By building up diverse support channels, we have been able to prioritize student success and create additional access points for students to seek the help they need in a timely manner. The most overt way we have addressed this is through co-developing the YOU platform as a way to provide 24-7 access to digital, upstream mental health and well-being tools that personalize to each individual’s unique identities and experiences. At CSU, we found that to effectively meet the needs of our diverse students, the best approach was through a confidential and anonymous tool that allowed them to explore timely mental health resources that were relevant to their identities, regardless of if they ever stepped foot in the counseling center. This approach has allowed us to decrease stigma and barriers to help seeking, knowing that some students will be able to access the support they need within the platform and others will be referred to the appropriate support services.

While nearly all students in the Student Voice survey, which is sponsored by Kaplan, have struggled with some sort of mental health challenge while in college, just 15 percent of students have chosen to engage in counseling, while 74 percent have not used any related on-campus services. Our conversation must shift to addressing the challenge of adequately supporting students who need help but aren’t receiving it. 

When institutions are able to invest in support networks that extend outside the walls of the counseling center, they are able to more effectively meet a larger percentage of student needs, which serves a dual purpose of supporting student success and easing the pressure on our counseling centers. Through cultivating more proactive, upstream approaches to student support, we can develop scalable and effective prevention strategies that provide identity-specific resources, teach coping strategies, build conflict resolution skills and allow students to prioritize their well-being and success during their college years.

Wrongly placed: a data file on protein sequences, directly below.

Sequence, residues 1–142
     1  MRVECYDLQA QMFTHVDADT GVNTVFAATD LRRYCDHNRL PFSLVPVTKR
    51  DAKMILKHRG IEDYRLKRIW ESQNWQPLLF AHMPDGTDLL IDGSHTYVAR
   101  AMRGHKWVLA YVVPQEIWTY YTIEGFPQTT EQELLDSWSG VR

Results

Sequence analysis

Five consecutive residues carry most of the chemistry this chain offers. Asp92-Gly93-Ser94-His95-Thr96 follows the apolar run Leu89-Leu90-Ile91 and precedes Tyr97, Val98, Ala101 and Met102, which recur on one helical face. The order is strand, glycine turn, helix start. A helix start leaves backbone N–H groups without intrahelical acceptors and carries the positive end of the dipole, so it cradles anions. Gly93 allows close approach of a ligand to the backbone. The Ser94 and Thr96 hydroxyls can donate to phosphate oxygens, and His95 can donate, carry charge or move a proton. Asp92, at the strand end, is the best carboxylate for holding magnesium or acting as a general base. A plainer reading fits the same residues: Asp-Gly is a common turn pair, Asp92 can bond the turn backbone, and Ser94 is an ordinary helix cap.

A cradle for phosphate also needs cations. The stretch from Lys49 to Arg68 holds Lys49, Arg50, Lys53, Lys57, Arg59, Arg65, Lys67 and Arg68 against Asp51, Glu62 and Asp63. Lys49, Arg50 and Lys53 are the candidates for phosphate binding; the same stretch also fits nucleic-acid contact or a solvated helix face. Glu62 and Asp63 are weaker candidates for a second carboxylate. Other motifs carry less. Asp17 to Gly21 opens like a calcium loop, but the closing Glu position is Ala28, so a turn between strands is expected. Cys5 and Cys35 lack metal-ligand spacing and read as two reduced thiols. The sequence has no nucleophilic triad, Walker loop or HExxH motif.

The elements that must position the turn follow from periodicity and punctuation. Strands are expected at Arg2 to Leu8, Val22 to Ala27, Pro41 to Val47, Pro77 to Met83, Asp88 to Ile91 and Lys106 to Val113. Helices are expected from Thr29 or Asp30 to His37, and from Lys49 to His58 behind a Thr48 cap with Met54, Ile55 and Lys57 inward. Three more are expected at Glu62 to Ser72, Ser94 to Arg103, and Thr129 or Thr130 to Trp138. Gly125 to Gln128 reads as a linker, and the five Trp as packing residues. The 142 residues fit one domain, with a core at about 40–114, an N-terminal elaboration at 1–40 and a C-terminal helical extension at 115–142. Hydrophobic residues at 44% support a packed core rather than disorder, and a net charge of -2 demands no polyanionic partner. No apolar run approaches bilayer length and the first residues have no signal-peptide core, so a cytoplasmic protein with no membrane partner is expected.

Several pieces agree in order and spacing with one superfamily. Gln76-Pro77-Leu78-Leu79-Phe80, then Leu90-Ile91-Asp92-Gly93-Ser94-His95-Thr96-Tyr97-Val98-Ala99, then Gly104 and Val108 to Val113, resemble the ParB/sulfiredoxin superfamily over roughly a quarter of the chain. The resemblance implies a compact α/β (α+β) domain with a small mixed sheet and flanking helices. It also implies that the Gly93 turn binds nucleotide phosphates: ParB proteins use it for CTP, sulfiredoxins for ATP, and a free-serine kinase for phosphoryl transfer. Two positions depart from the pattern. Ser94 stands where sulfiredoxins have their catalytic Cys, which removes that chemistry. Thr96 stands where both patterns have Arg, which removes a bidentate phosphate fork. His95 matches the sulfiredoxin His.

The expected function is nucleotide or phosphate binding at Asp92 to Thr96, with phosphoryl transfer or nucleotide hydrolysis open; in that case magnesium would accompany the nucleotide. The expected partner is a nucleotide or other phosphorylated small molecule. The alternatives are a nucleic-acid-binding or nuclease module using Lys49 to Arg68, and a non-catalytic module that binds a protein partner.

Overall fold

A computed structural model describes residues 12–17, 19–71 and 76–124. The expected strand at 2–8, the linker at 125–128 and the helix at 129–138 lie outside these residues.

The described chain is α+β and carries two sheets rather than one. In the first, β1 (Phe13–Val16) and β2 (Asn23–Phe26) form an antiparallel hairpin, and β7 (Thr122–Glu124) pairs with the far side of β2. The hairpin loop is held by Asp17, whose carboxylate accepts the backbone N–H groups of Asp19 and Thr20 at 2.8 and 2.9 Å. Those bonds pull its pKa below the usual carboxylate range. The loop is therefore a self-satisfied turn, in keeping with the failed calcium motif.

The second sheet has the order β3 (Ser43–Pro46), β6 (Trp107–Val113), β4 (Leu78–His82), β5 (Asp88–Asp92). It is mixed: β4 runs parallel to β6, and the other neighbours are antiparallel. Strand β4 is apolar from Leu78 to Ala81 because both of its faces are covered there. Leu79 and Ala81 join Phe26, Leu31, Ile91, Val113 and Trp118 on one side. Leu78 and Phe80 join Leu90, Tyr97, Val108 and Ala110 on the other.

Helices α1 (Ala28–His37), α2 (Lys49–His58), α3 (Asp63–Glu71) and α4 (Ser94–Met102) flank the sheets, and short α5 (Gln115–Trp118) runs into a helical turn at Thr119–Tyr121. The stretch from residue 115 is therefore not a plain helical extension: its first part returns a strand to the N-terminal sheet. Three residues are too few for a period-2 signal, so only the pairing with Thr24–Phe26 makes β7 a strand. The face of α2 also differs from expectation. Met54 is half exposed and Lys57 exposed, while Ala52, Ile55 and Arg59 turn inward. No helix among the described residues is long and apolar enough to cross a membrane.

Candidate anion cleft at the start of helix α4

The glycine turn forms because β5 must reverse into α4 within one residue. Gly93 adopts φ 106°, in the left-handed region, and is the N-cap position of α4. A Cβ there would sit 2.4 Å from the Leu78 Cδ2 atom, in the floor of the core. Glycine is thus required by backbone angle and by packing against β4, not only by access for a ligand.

An equally important yet often underprioritized approach is investing in resources and tools that provide this same mental health support to our faculty and staff members. Research published in 2021 shows that only 51 percent of faculty report having a good idea of how to recognize a student in emotional or mental distress, with 73 percent of faculty welcoming additional professional development on the topic of student mental health.


Paired with the fact that faculty are often the first line of defense in supporting students—and they are also facing extreme feelings of burnout in their own regard—it has never been more important to invest in a long-term strategy that ensures our faculty and staff receive the support they need for their own well-being, which will bolster their ability to aid their students.

When institutions can provide this same level of care to their faculty and staff members, not only are we equipping our educators with the skills to help students best navigate their mental health challenges, we are also creating access points for faculty and staff to better develop the skills they need to flourish in their personal and professional lives. This focus on personalized care helps institutions support happier, healthier individuals, which ultimately cultivates more cohesion campuswide.

To that end, as campus leaders, we must shift our focus further upstream and co-design programming alongside our students, faculty and staff members. By moving away from a more traditional, siloed approach to campus care, we can begin removing many of the unintentional hurdles that have historically impeded access to adequate mental health and well-being support (i.e., lack of awareness of services, scheduling challenges, costs, etc.). Through this kind of prevention-based innovation, we can better connect with diverse campus populations, with a greater focus on how to truly understand our community’s needs, and ultimately implement programming that provides a foundation for more successful campus communities.